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Plum Island: Rare Opportunity

Wed, 01/22/2020 - 12:47

It is almost inconceivable that the future of a grand jewel among protected lands on the entire East Coast remains in doubt, but though there is hope that Plum Island could someday be preserved, it is far from certain.

The 840-acre island was carved from stones and sand, first by glacial waters, then by the rising and falling of tides. It is home to a huge variety of wildlife and a federal animal disease research center that dates to the 1950s. The laboratories and pens on Plum Island are expected to be shut for good soon. In their place, a state-of-the-art, $1.25 billion National Bio and Agro-Defense Facility is nearing completion at Kansas State University in Manhattan, Kan., and scheduled for a 2022 opening, according to the Department of Homeland Security, which oversees the construction. The Plum Island labs’ work is to be fully moved to the new facility in 2023. What happens after that has been the subject of prolonged debate.

The island is an extremely rare example of almost-pristine, undisturbed Atlantic coastal marine environment. It is used by as many as 200 species of birds and land creatures. Seals and anglers slip in and out along its rocky shoreline, chasing abundant fish. It contains long sweeps of untouched beaches, deep woodlands, and a few ponds teeming with life. But in 2008, President George W. Bush signed a bill funding the move to Kansas, in part by putting the island up for auction.

The irony is that Washington could therefore hasten its destruction as a natural preserve. And though Southold, of which it is part, has imposed tough restrictions on how the land could be used in the future, a private buyer could make significant changes, as well as remove the tantalizing prospect of public visits or university research if it were preserved as a park.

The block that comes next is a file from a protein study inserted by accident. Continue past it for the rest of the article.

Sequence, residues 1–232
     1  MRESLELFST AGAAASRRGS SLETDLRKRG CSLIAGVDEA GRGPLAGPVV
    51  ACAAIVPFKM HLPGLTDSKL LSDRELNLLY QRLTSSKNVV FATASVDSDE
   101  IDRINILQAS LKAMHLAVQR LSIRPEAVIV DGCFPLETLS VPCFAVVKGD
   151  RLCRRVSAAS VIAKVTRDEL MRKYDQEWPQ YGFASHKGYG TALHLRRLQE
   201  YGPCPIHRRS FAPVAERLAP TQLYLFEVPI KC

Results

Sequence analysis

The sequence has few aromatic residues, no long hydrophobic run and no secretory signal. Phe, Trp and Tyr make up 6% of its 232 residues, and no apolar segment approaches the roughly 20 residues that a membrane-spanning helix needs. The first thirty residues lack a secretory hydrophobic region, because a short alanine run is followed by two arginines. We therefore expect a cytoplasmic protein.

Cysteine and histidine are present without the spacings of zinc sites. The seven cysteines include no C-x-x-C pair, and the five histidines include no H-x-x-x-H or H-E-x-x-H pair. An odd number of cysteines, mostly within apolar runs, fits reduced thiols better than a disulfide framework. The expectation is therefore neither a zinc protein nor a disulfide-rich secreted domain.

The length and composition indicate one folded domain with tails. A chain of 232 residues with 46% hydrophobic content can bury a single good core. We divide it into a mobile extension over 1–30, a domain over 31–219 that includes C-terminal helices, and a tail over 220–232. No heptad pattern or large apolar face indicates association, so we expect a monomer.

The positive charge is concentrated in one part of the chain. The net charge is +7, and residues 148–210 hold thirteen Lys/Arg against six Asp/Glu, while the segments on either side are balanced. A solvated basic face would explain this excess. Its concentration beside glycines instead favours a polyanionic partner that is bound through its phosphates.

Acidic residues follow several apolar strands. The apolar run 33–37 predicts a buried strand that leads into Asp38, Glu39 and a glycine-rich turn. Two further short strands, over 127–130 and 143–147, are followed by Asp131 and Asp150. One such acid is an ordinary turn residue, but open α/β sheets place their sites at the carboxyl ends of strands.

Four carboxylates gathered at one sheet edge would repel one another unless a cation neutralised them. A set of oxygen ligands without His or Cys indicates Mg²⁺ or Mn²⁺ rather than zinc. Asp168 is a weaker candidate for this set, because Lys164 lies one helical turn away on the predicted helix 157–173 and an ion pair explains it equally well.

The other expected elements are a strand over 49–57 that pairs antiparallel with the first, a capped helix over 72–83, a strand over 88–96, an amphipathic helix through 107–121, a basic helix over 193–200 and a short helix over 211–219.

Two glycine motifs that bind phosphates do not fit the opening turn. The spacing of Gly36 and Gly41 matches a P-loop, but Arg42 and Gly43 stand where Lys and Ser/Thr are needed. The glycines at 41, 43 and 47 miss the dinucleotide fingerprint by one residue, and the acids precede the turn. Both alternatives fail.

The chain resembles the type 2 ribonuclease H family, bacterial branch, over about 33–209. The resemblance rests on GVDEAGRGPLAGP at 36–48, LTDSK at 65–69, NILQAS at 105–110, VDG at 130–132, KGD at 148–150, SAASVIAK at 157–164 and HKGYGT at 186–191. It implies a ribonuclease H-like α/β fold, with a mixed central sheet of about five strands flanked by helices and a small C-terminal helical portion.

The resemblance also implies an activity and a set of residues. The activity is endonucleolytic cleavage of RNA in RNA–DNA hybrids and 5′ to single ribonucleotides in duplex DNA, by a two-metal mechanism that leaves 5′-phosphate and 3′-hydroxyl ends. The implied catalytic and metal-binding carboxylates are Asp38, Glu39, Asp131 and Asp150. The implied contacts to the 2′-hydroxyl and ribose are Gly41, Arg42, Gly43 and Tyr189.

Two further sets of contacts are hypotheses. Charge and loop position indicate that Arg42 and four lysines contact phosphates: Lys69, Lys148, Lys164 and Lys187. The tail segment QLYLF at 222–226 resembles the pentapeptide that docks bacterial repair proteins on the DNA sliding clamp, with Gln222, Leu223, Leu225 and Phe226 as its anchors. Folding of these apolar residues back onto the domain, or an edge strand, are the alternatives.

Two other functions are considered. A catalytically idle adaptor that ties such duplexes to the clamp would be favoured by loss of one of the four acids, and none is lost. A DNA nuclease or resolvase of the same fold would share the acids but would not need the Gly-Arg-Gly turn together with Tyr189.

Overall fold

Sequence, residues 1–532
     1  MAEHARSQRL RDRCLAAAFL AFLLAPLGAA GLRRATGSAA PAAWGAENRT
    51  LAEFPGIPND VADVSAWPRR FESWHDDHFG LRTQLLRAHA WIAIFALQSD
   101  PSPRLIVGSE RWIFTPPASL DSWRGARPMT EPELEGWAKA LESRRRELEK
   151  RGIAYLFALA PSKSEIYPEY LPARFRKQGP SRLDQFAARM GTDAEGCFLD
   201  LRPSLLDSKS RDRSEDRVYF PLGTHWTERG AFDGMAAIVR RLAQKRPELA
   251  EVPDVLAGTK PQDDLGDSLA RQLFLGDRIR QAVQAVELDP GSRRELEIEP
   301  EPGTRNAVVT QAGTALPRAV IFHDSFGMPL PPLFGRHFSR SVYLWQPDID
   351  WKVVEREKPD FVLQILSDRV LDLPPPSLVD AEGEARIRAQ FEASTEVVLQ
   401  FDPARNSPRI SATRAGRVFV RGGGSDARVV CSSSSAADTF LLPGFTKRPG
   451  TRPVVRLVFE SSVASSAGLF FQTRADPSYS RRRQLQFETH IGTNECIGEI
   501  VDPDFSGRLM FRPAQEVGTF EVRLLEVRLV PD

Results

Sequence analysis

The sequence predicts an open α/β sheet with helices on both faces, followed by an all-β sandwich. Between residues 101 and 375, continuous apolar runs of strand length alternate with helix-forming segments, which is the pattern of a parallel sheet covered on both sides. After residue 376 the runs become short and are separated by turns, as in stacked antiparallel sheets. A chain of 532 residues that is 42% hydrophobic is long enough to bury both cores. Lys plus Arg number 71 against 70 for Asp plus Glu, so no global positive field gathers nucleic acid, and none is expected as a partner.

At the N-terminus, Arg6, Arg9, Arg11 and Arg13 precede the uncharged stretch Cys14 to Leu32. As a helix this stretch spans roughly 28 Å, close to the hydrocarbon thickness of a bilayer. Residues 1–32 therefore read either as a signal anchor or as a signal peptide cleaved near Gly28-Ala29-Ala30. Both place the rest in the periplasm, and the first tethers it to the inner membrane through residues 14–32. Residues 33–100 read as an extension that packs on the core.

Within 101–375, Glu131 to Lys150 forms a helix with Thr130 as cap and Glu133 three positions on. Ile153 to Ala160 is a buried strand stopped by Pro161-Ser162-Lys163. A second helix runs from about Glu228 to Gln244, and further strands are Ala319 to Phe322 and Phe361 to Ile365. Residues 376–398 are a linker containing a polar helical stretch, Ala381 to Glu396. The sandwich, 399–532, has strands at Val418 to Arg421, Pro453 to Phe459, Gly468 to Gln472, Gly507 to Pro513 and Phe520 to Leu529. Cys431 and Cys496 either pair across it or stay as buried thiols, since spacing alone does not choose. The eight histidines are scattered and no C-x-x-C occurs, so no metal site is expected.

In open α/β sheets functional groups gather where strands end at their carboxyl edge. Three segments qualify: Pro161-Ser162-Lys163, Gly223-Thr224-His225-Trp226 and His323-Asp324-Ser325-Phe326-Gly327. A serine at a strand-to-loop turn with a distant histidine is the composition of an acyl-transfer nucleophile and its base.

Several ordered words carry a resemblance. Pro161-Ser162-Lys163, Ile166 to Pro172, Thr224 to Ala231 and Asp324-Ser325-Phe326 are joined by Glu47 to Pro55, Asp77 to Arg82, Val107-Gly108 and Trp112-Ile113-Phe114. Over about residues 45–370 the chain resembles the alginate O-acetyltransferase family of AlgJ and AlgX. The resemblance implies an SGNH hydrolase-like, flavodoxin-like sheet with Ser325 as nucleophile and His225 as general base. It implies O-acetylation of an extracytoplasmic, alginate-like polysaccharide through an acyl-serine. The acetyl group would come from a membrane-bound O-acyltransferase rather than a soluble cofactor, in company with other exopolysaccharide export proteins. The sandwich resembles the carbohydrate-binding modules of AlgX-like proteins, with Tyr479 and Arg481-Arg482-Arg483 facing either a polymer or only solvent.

In addition to the Town of Southold, the region’s elected officials universally support preservation there. In December, Gov. Andrew M. Cuomo signed legislation creating additional protections for marine mammals and sea turtles around Plum Island, as well as Great and Little Gull Islands. This added to their status as New York State bird conservation areas. Senators from Connecticut and New York State have advocated for the island, and a coalition in the House of Representatives, including Congressman Lee Zeldin, have also taken up the cause. Late last year, President Trump signed a bill that will pause the potential sale of the island for a year. However, at the end of the year, the Bush-era law goes back into effect, ordering the General Services Administration to begin the steps toward an auction.

Plum Island’s value as wild habitat is too special to become a private paradise for the ultrawealthy. In addition, there are many untold stories in the ground left for archaeologists to tease out. It must remain a place where visitors learn about and enjoy nature’s beauty in a raw form — a benefit far greater than any dollar amount the government could ever get for it.

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